So why haven’t we seen the push for a digital detox movement in Australia? Are we not addicted like our US counterparts? Do we not feel the need to socially disengage and take some deep breaths in solitude? Are we already mastering the ‘tap flow’ analogy that Dr Kristine Dery sees as the solution for managing work and personal time?
Essentially, the management of media usage levels goes beyond the discourse of ‘switching off’. In light of Dery’s interview, Australians need to start a conversation about a plausible alternative to shutting out the cyber world for a chance with sanity and serenity.
We’ve seen how difficult it has been for individuals like Kate Toon – promising herself “no technology for one week,” only to be disappointed that this goal was not achievable. Why? The realistic demands from the individual and professional world all hang upon the internet realm. It reaches out to us for constant feedback and affirmation, urges us to brand our social image, and is central to managing the complexity of our own daily routines, which for many, involves a full time job.
We’ve also looked at the possibility for literal escapism – the serene environment of Vipassana in Blackheath, demanding the lock out of digital demons to heal our tech ridden souls and reinvigorate our sense of self, and physical communications with others. But is this a viable option for individuals? After all, the current focus of such retreats tends to be spiritual, which isn’t of wide appeal in a largely secular society.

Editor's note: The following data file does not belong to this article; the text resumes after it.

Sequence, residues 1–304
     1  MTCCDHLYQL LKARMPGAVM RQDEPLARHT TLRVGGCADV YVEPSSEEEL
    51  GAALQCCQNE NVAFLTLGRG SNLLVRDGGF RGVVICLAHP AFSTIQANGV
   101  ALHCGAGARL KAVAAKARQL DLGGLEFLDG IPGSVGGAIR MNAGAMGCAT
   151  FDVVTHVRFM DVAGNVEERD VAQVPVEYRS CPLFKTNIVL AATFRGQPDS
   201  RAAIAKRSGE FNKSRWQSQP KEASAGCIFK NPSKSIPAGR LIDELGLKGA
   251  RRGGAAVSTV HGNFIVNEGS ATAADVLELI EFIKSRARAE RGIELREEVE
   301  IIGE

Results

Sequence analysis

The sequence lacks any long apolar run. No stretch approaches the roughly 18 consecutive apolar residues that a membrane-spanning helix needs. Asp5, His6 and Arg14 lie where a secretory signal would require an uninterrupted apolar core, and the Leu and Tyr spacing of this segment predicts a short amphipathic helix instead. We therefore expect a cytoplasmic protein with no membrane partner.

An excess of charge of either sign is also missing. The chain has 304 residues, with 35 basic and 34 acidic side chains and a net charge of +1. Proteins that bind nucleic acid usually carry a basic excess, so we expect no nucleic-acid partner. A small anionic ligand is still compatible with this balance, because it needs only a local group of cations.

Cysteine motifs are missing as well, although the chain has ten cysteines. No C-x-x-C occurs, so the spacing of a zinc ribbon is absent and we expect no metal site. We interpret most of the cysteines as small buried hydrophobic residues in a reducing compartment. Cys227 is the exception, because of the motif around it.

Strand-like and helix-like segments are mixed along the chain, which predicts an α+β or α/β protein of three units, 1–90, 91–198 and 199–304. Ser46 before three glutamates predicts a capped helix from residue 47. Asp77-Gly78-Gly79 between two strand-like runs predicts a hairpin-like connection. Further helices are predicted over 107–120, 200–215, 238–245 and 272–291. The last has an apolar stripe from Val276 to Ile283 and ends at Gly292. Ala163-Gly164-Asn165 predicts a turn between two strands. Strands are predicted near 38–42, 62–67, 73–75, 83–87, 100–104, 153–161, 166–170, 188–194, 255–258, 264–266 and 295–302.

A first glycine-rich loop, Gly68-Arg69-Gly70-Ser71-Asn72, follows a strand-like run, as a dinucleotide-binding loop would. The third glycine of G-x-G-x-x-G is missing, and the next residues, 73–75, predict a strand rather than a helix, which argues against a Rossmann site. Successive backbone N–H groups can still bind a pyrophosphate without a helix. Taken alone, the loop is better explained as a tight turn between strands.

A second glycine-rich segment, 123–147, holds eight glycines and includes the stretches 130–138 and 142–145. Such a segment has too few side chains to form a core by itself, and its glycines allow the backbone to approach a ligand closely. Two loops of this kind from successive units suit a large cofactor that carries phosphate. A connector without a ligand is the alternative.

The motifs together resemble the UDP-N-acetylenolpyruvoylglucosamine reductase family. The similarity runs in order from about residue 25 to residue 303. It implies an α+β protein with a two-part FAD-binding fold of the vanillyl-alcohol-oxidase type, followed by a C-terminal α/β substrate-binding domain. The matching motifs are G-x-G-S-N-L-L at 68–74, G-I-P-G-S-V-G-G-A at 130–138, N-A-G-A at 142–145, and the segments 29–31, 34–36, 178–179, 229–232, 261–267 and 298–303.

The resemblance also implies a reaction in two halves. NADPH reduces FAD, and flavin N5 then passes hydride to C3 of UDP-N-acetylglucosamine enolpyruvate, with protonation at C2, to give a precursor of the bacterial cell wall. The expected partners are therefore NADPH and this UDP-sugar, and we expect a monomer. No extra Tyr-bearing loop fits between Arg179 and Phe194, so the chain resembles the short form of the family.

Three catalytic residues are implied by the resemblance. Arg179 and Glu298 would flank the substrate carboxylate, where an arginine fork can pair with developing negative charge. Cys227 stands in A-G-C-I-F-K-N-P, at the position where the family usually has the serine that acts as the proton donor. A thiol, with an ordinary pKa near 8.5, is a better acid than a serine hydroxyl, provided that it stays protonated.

Despite the lack of focused ‘digital detox’ retreats in our current climate, there still appears to be significant interest for a National Day of Unplugging in Australia. Our survey found that 60.5% of individuals would take part in this annual event, even though 72% of individuals spend three to nine hours online each day.
Should these findings advocate a movement towards Australia’s first National Day of Unplugging? At the very least, should Australians make a conscious effort to take heed of Dery’s words: to acknowledge ‘digital liberation’ is the key idea for managing our professional and social worlds? Should we take advantage of the ‘digital toolbox’ which most of us possess?
Blackberry for work calls
MacBook for skype session with partner
iPad for incoming emails
It might seem overwhelming, but Australians are in demand, and in a big way. In the business world, we need to be available 24/7. Job competitiveness already relies upon access to online job seeker sites. We need to be a part of this online world to survive, to stay connected, to make a living. Even if we choose to ignore it, if only for a while, we will soon realise that we can’t stay away for too long…
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